This Month's Recipes...

July – Starter – Potato Salad

From page 79 of The New English Kitchen

This is the best salad to eat with cold ham or beef. The sweeter the onions, the better it will taste. If you can find Breton or Roscoff onions – they are still sold in strings – so much the better. So-called banana shallots, which are in fact onions, make a good substitute.

Serves 4

1kg salad potatoes
1 tsp salt
6 shallots, or pink Roscoff onions if you can find them, sliced
Mayonnaise (see p393 of The New English Kitchen)

Put the potatoes in a pan, cover with water and add the salt. Bring to the boil and cook until just tender – they should still be waxy in the centre when you cut them open. Drain and leave to cool, then slice thickly. Put them in a bowl and add the shallots and enough mayonnaise to coat. Mix well.

 

Main – Sausage with shredded spring greens and apple

From page 172 of Kitchenella

Use a meaty, well-seasoned spicy or garlic sausage. Cumberland or Toulouse sausages are ideal for this inexpensive dish, which can be eaten at any time of year.

Serves 4

4 tablespoons extra virgin olive oil
4-8 large sausages, skinned and sliced
a few rosemary leaves
4 garlic cloves, chopped
2 heads of spring greens or hispi cabbage, shredded into very thin strips
2 dessert apples, cored and sliced
4 tablespoons dry cider, wine or stock

Heat the oil and stir-fry the sausage meat with the rosemary over a medium-high heat. Remove from the pan with a slotted spoon and keep warm. Add the garlic, greens and apple to the pan and cook over a lower heat until the greens are tender. Add the cider, wine or stock and bring to the boil. Pile the sausage meat on top and put the whole pan on the table. Good with boiled potatoes.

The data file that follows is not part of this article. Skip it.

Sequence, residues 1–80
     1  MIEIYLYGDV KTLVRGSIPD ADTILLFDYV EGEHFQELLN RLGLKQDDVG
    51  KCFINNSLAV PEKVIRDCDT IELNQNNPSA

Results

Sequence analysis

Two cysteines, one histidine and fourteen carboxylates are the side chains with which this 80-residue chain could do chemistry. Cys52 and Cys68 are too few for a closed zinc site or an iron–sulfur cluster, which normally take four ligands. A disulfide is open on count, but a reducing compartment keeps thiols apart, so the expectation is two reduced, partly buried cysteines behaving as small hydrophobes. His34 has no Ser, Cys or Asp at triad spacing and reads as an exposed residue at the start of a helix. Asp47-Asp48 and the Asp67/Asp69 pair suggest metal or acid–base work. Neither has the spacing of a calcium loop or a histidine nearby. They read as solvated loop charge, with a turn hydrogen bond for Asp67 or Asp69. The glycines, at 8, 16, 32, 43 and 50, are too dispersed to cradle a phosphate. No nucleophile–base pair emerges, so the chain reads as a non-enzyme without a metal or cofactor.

Dessert – Summer Pudding

From page 79 of The New English Kitchen

This moulded pudding made from dry white bread and a mixture of lightly stewed berries doesn't require an exact recipe. You will need enough fruit to fill the pudding basin you wish to use, plus a little over. You could use a traditional pudding basin, a soufflé dish or any shallow dish. I sometimes make summer pudding in large plastic containers for children's meals, serving helpings from them as and when needed. Raspberries, blackberries, tayberries, red and blackcurrants are all suitable for the filling – it's best to use a mixture, but the pectin-rich raspberries are pretty much essential. You can use strawberries, but they tend to disintegrate wastefully when cooked.

Simply stew the fruit gently until the juices run and add enough sugar to remove any sourness. Line the pudding basin with slices of day-old white bread, pour in the compote and cover with a 'lid' of sliced bread, then a saucer small enough to fit inside the basin. Put a weight on top – a can of tomatoes will do – and leave in the fridge overnight.

Push any leftover compote through a sieve to make a sauce. To turn the pudding out, run a blunt knife between the bread casing and the bowl. Invert a plate on top and turn the basin and plate over. If you have ever got water in your gumboots, you will know the noise a summer pudding makes when it unmoulds. Pour over the sauce to cover any white patches. Serve with crème fraîche.

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July - Summer Pudding and more...

This moulded pudding made from dry white bread and a mixture of lightly stewed berries doesn't require an exact recipe...

read more >>